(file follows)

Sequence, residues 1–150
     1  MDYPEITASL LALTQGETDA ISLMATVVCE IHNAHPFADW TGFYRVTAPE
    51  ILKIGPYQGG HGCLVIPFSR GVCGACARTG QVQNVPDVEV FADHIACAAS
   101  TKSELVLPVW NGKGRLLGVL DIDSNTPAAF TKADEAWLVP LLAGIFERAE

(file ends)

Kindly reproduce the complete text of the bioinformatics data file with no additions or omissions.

Sequence, residues 1–150
     1  MDYPEITASL LALTQGETDA ISLMATVVCE IHNAHPFADW TGFYRVTAPE
    51  ILKIGPYQGG HGCLVIPFSR GVCGACARTG QVQNVPDVEV FADHIACAAS
   101  TKSELVLPVW NGKGRLLGVL DIDSNTPAAF TKADEAWLVP LLAGIFERAE